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Tuesday, 10 March 2009
Page: 1071

Senator CAMERON (4:43 PM) —I am extremely pleased to support the Fair Work Bill 2008. This is a historic debate. This legislation is the culmination of political, union and community opposition to the Howard government’s Work Choices legislation. I am very pleased that I was part of the union campaign against the legislation. I stood at rallies with workers who said, ‘We cannot accept this legislation.’ I stood at rallies with workers who had walked off the job despite threats from their employer to take legal action under the Work Choices legislation against those workers. Those workers stood up for their rights and they stood up against what they believed was a very bad law. The Australian community said clearly and unequivocally that workers are entitled to respect, to dignity and to rights at work. The Australian Council of Trade Unions and the Australian Labor Party campaign resonated with the community. There is no argument that it was not a major factor in the defeat of the coalition government at the last election. When in opposition, this government campaigned to develop industrial legislation that struck the right balance between an employee’s and an employer’s needs. Significant consultation took place with affected parties and that has resulted in legislation which does balance flexibility with fairness.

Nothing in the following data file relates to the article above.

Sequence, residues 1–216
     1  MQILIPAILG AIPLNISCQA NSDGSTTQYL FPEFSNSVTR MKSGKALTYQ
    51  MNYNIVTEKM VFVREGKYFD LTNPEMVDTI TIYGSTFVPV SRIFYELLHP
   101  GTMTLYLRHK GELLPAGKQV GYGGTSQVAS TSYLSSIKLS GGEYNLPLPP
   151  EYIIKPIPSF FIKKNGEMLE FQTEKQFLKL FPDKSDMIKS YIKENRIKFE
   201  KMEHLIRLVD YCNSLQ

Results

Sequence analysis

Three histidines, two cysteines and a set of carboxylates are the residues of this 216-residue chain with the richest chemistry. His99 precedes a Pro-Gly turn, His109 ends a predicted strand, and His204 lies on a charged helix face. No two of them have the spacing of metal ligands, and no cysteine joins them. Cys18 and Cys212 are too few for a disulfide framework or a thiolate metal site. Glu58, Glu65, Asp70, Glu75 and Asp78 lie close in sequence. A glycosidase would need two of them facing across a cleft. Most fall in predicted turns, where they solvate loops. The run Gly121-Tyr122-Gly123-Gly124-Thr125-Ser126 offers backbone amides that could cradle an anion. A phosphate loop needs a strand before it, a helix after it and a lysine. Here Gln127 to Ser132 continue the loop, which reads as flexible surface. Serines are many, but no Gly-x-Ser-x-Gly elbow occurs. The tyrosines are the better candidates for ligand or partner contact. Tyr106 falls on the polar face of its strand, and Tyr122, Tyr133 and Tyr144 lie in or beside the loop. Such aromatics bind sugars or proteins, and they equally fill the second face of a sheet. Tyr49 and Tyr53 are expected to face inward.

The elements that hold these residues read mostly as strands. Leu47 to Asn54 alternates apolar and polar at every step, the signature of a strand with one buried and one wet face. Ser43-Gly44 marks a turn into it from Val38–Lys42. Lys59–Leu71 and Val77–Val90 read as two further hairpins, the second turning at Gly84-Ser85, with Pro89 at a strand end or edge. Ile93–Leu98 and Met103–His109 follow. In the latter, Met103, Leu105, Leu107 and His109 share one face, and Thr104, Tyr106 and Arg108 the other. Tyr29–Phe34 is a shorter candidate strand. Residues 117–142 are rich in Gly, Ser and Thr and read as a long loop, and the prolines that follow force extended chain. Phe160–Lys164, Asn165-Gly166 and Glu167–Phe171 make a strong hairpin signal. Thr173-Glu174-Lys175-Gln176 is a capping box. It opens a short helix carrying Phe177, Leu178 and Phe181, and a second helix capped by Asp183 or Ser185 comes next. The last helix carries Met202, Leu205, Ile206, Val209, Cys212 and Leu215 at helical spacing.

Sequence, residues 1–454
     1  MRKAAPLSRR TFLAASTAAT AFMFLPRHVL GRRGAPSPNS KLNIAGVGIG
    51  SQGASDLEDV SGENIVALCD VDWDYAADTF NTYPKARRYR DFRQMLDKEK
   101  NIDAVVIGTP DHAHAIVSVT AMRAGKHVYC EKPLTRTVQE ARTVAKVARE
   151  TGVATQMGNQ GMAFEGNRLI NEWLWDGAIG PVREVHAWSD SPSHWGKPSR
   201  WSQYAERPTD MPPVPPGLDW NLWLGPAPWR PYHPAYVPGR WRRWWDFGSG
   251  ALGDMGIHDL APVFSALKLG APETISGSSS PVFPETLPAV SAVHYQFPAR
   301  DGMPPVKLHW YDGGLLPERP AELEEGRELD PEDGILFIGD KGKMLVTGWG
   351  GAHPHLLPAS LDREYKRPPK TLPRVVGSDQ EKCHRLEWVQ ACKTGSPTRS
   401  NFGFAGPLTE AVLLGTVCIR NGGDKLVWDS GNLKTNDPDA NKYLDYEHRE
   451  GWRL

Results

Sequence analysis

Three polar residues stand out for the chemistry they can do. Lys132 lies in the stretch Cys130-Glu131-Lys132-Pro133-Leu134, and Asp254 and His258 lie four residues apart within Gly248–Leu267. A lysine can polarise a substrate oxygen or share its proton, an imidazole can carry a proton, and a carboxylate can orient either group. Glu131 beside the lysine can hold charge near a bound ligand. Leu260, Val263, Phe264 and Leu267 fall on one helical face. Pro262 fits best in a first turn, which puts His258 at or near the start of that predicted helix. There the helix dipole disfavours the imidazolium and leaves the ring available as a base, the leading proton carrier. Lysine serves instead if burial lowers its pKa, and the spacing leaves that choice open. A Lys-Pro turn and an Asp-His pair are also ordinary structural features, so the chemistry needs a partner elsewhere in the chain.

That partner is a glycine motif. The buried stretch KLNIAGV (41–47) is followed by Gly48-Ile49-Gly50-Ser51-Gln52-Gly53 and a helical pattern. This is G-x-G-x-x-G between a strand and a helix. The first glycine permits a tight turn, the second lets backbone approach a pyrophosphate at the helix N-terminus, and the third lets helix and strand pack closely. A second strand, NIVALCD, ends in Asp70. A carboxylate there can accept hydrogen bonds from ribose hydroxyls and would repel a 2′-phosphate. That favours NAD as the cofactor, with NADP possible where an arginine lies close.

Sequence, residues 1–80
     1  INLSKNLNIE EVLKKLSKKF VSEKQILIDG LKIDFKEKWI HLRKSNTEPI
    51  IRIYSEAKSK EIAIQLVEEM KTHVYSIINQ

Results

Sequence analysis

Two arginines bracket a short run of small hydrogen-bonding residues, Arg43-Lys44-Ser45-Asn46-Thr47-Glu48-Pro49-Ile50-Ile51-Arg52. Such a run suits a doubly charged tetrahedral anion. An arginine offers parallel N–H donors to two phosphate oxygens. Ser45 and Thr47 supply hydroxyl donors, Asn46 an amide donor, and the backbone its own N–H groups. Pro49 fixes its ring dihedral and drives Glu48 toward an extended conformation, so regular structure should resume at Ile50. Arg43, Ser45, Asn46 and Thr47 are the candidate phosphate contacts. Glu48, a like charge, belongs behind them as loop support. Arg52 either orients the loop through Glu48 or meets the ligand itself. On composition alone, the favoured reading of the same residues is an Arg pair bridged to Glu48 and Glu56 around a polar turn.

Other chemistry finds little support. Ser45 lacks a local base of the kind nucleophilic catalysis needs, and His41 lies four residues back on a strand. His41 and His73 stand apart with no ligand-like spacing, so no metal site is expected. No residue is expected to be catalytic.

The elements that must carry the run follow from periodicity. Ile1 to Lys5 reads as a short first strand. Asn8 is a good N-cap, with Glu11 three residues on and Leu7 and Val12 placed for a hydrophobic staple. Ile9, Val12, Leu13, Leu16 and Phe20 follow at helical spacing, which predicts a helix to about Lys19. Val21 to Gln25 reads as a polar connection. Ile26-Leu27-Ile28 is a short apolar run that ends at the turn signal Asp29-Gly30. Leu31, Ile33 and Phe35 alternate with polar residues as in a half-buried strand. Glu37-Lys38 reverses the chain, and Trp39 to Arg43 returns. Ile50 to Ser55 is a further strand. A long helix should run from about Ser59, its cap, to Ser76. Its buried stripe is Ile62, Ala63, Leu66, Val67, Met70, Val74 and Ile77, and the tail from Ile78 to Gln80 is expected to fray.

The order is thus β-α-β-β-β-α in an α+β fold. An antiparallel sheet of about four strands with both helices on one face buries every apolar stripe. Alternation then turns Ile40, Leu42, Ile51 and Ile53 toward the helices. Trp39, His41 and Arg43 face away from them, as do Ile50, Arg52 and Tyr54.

Work Choices was the embodiment of the coalition’s political miscalculations. It is interesting to note that in the coalition’s minority committee report on this legislation they claim that the government’s legislation ‘is the latest iteration in a succession of evolutionary changes to the Australian workplace environment’. Well, there was nothing evolutionary about Work Choices. Work Choices was a radical, revolutionary approach to ripping away the conditions of workers in this country. Work Choices was revolutionary and it was radical, and it was designed to disempower ordinary Australians workers in workplaces around the country. It really was about adopting the lowest common denominator and going down the low road on workers’ wages and conditions. It relied on improving productivity and competitiveness by reducing workers’ wages, conditions and rights. This was a flawed approach, an approach rejected by the Australian public. Work Choices was the epitome of the coalition’s hubris and mean-spirited approach to working people. It was radical and flawed, and it was not the proper way to try and get economic progress in this country.

I have often asked myself why this came about. Why did we move from a situation where it was generally agreed that workers should have rights in the workplace? There is no doubt in my mind that it came about because of a neoliberal approach to industrial relations. The neoliberal approach was to take any protection by government out of the community. Workers should be left on their own to negotiate with their employer, with no union rights, with no safety net rights and with no legislative rights to protect them and give them a fair go in the workplace. Workers were left to deal one on one with their employer.